Matos pauses and takes a breath. "I tell you, it was very difficult. People think our team was so far ahead of everybody but it's the little details that the team takes care of on the car so that we are consistent every time we go out on the track. That's where all the hard work in the off-season at the shop makes the difference at the end of the year.

"Look at Elkhart," he added. "We missed the setup a little bit and we started ninth. If you slip a little bit you're P15 and it doesn't take much to be a little bit off on the setup and be off the pace. But we got the brakes fixed for the race and we were able to make a bunch of places and have a good race."

Matos particularly enjoyed racing at Mt. Tremblant where he qualified and finished second to Franck Perera. "The first time I went onto the track I was so glad we were racing there," Raphael remarked. "It's the perfect track for my driving style and the perfect track for an Atlantic car.

"We were really strong on the first day and had the pole, but I don't think we made the right changes for the changes in the track conditions on the second day. The track changed a little bit. It got more grip and we were a little bit conservative on the change we made to the car and we just didn't have the pace to keep up with Franck. But I was just happy racing there. I had a lot of fun. You always want to win, but I think the biggest thing is to enjoy what you're doing."

Matos is excited about winning the Mazda Atlantic champion's $2 million prize and his rookie season next year in Champ Car. "It's definitely the biggest opportunity of my career," he said. "If I look back, I came here four years ago with nothing. I had no money and no sponsors. I had a dream that I wanted to drive a Champ car and I went to Skip Barber. Then I won the Star Mazda championship and even after winning that championship, Champ Car was still far away. I could see that I could do Champ Car but it was difficult because I didn't have the money to do Atlantic. When I signed with Sierra-Sierra, that's when I felt I really had a shot of making it to Champ Car because I knew they were a good team.

"I was a bit disappointed that we didn't win the championship in the first year because we could have. But they gave me another chance for the second year and it went pretty well. I think everything was in the right place at the right time and obviously it took a lot of hard work."

There's a quiet fierceness to Matos which is reflected in his constant thinking about making his race cars faster. "I'm a hundred percent focused and thinking about racing a hundred percent of my time," he said. "Even when I'm at home I'm thinking about how I should improve the car and how I should improve myself. I'm always talking to my engineer, brainstorming, thinking about different things about how we can improve the car. The more you look at your car and think about it, it's going to pay off in the end."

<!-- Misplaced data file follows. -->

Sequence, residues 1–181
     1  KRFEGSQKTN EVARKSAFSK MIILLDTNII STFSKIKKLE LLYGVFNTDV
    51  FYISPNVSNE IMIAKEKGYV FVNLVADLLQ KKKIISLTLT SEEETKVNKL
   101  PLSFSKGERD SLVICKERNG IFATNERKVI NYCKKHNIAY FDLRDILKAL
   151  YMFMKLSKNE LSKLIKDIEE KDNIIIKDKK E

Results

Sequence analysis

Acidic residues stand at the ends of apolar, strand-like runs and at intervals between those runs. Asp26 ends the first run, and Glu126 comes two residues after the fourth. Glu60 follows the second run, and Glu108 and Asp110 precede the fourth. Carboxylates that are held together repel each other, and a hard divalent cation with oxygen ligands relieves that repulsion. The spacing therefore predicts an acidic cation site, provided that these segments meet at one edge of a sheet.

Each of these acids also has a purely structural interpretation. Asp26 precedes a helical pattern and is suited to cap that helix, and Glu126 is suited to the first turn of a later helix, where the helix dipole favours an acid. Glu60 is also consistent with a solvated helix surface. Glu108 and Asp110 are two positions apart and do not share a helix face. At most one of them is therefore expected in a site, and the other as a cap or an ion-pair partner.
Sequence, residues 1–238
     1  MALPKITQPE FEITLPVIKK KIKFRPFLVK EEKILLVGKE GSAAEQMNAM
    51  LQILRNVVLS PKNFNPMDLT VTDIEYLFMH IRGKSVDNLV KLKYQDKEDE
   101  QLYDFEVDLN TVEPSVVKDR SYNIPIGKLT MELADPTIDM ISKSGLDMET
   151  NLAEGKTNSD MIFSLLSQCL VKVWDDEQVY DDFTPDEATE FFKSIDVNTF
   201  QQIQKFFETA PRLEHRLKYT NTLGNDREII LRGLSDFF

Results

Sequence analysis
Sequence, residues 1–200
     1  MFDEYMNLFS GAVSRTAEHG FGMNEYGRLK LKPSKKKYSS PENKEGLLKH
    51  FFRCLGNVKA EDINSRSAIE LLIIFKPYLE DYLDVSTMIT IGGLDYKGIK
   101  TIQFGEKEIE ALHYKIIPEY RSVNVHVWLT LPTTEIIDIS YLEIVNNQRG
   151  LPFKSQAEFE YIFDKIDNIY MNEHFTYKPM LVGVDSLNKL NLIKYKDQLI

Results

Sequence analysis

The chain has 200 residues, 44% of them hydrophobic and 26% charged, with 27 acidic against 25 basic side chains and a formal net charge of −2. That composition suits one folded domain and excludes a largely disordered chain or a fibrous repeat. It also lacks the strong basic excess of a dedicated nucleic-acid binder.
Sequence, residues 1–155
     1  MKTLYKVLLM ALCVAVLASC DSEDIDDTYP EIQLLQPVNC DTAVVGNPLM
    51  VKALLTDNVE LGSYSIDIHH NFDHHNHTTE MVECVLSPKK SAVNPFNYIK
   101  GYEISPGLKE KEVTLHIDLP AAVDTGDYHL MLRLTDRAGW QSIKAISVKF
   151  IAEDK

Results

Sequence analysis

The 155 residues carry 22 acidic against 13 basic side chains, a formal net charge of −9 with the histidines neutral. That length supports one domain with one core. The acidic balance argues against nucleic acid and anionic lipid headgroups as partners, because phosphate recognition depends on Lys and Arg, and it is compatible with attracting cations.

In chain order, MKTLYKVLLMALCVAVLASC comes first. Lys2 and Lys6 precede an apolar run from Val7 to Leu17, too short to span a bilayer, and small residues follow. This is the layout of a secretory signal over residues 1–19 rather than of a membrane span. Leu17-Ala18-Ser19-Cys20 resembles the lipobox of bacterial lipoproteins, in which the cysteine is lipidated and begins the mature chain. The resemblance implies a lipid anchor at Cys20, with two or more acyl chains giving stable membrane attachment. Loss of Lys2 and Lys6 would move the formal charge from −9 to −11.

Matos says he's learned a lot from his vastly-experienced engineer Lee Dykstra and driver coach David Empringham who's a former double Atlantic champion. "Last year I think I was driving too much around the problem with the car instead of trying to improve the car and finding more speed in the car," Matos observed. "This year I was really focused in the first session at each race in improving the car and finding speed in the car because I knew if we could get the car right I would be P1. David Empringham and Lee Dykstra were able to guide me really well and to help make sure I was improving the car and not driving around the car's problems."

At this point it's not known which team Matos will race for next year but he hopes to make his Champ Car debut at Mexico City in November and also wants to do the season-closing Phoenix Champ Car race. "I'm hoping to do at least three days of testing later this year in a Champ car and I'm hoping to race in Mexico City and Phoenix," he declared. "This is my goal for this year. I really want to do those races because I want to get some seat time for next year. I think it would be great for me to start the season next year with some cooperation with the team under my belt."

Matos intends to keep sharp by racing in the A1GP series over the winter. "I'm planning on doing A1GP for Team Brazil because that will also give me more seat time and more confidence in a more powerful car," he remarked. "It's all about just keeping busy. I don't want a vacation right now. I want to keep busy because I think it will pay off for next year. I'm also involved with Mazda's LMP2 program. I may do Le Mans and I also do a lot of bicycling and a lot of physical training."

The young Brazilian drove Mazda's LMP2 car at Sebring the past two years and hopes to race again for Mazda at Sebring next spring. "It's a program that's growing. It's not the top car at all, but they're getting better and it's a great program. I would just love to be the first driver to go through the ladder system with Mazda. I made my first step in the Mazda championship and I'm glad I was the first one to get the chance. Now I've won the Mazda Atlantic championship so Mazda has done a lot for me and my career."

Graham Rahal and Simon Pagenaud showed again this year that the best guys from Atlantic are always ready to move up and Raphael Matos is the next in a long line of Atlantic graduates who have tackled the big-time. Matos has all the right attributes and if he's with the right team next year he's sure to make his mark. In fact, he already has.

Auto Racing ~ Gordon Kirby
Copyright 2007 ~ All Rights Reserved